Rubaiyat of Omar Khayaam: LXI – XC

LXI
For let Philosopher and Doctor preach
Of what they will, and what they will not - each
Is but one Link in an eternal Chain
That none can slip, nor break, nor over-reach.

LXII
And that inverted Bowl we call The Sky,
Whereunder crawling coop't we live and die,
Lift not thy hands to it for help - for it
Rolls impotently on as Thou or I.

LXIII
With Earth's first Clay They did the Last Man knead,
And then of the Last Harvest sow'd the Seed:
Yea, the first Morning of Creation wrote
What the Last Dawn of Reckoning shall read.

LXIV
Yesterday This Day's Madness did prepare;
To-morrow's Silence, Triumph, or Despair:
Drink! for you know not whence you came, nor why:
Drink! for you know not why you go, nor where.

LXV
I tell You this - When, starting from the Goal,
Over the shoulders of the flaming Foal
Of Heaven'd Parwin and Mushtari they flung,
In my predestin'd Plot of Dust and Soul.

LXVI
The Vine has struck a fiber: which about
If clings my Being - let the Dervish flout;
Of my Base metal may be filed a Key,
That shall unlock the Door he howls without.

LXVII
And this I know: whether the one True Light,
Kindle to Love, or Wrath - consume me quite,
One Glimpse of It within the Tavern caught
Better than in the Temple lost outright.

LXVIII
What! out of senseless Nothing to provoke
A conscious Something to resent the yoke
Of unpermitted Pleasure, under pain
Of Everlasting Penalties, if broke!

LXIX
What! from this helpless Creature be repaid
Pure Gold for what he lent us dross-allay'd - 
Sue for a Debt we never did contract;
And cannot answer - Oh the sorry trade!

LXX
Nay, but for terror of his wrathful Face,
I swear I will not call Injustice Grace;
Not one Good Fellow of the Tavern but
Would kick so poor a Coward from the place.
LXXI
Oh, Thou, who didst with pitfall and with gin
Beset the Road I was to wander in,
Thou wilt not with Predestin'd Evil round
Enmesh me, and impute my Fall to Sin?

LXXII
Oh, Thou, who Man of baser Earth didst make,
And who with Eden didst devise the Snake;
For all the Sin wherever the Face of Man
Is blacken'd, Man's Forgiveness give - and take!

LXXIII
Listen again. One Evening at the Close
Of Ramazan, ere the better Moon arose,
In that old Potter's Shop I stood alone
With the clay Population round in Rows.

LXXIV
And, strange to tell, among that Earthen Lot
Some could articulate, while others not:
And suddenly one more impatient cried -
'Who is the Potter, pray, and who the Pot?'

LXXV
Then said another - 'Surely not in vain
My Substance from the common Earth was ta'en,
That He who subtly wrought me into Shape
Should stamp me back to common Earth again.'

LXXVI
Another said - 'Why, ne'er a peevish Boy,
Would break the Bowl from which he drank in Joy;
Shall He that made the vessel in pure Love
And Fancy, in an after Rage destroy?'

LXXVII
None answer'd this; but after Silence spake
A Vessel of a more ungainly Make:
'They sneer at me for leaning all awry;
What! did the Hand then of the Potter shake?'

LXXVIII
'Why,' said another. 'Some there are who tell
Of one who threatens he will toss to Hell
The luckless Pots he marred in making - Pish!
He's a Good Fellow, and 'twill all be well.'

LXXIX
Then said another with a long-drawn Sigh,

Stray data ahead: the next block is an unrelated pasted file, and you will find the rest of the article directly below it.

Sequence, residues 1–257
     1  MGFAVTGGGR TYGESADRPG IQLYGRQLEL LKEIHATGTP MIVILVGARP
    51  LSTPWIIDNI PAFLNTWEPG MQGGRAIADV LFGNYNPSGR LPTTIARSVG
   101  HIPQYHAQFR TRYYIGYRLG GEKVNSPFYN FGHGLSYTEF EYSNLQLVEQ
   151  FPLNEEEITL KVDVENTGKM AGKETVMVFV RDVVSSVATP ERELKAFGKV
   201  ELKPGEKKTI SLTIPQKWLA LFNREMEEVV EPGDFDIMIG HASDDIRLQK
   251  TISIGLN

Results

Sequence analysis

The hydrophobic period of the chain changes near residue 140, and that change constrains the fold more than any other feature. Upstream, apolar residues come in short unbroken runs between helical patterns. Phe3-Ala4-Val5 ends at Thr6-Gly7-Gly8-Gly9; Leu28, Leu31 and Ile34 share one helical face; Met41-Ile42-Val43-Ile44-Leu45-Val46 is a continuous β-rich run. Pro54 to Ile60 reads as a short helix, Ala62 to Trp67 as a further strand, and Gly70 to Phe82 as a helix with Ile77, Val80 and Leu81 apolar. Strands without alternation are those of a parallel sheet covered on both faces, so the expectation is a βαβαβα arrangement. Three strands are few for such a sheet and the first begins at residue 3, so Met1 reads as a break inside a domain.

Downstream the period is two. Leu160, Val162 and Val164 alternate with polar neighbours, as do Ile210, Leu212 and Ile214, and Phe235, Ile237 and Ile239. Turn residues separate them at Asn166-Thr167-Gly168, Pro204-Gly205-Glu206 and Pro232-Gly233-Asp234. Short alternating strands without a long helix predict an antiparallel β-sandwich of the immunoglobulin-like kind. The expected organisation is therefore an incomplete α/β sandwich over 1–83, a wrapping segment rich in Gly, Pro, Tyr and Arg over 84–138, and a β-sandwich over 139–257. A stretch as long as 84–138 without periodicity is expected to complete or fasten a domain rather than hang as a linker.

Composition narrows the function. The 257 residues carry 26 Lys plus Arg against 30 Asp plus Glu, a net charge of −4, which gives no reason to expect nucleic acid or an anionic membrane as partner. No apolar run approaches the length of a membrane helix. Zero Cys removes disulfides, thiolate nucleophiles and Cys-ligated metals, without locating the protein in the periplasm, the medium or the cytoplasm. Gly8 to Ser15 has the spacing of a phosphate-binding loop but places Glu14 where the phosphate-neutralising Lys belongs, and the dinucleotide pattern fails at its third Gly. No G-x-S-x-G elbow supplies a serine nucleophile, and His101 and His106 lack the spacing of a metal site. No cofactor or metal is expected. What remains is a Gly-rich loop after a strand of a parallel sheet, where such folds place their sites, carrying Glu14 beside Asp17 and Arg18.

'My Clay with long oblivion is gone dry:
But, fill me with the old familiar Juice,
Methinks I might recover by-and-by!'

LXXX
So while the Vessels one by one were speaking,
The Little Moon look'd in that all were seeking:
And then they jogg'd each other, 'Brother! Brother!
Now for the Porter's shoulder-knot a-creaking!'

LXXXI
Ah, with the Grape my fading Life provide,
And wash my Body whence the Life has died,
And in a Windingsheet of Vine-leaf wrapt,
So bury me by some sweet Garden-side.

LXXXII
That ev'n my buried Ashes such a Snare
Of Perfume shall fling up into the Air.
As not a True Believer passing by
But shall be overtaken unaware.

LXXXIII
Indeed the Idols I have loved so long
Have done my Credit in Men's Eye much wrong
Have drown'd my Honour in a shallow Cup,
And sold my Reputation for a Song.

LXXXIV
Indeed, indeed, Repentance oft before
I swore - but was I sober when I swore?
And then, and then came Spring and Rose-in-Hand
My thread-bare Penitence apieces tore.

LXXXV
And much as Wine has play'd the Infidel,
And robb'd me of my Robe of Honor - well,
I often wonder what the Vintners buy
One half so precious as the Goods they sell.

LXXXVI
Alas that Spring should vanish with the Rose!
That Youth's sweet-scented Manuscript should close!
The Nightingale that in the Branches sang,
Ah, whence, and whither flown again, who knows!

LXXXVII
Would but the Desert of the Fountain yield
One glimpse - If dimly, yet indeed reveal'd
To which the fainting Traveller might spring,
As springs the trampled herbage of the field!

LXXXVIII
Ah Love! could thou and I with Fate conspire
To grasp the sorry Scheme of Things entire,
Would not we shatter it to bits - and then
Re-mould it nearer to the Heart's Desire!

LXXXIX
Ah, Moon of my Delight who know'st no wane,
The Moon of Heav'n is rising once again:
How oft hereafter rising shall she look
Through this same Garden after me - in vain!

XC
And when like her, oh Saki, you shall pass
Among the Guests star-scatter'd on the Grass,
And in your Joyous errand reach the spot
Where I made one - turn down an empty Glass!

Published by Robin

I'm a retired journalist who still has stories to tell. This seems to be a good place to tell them.

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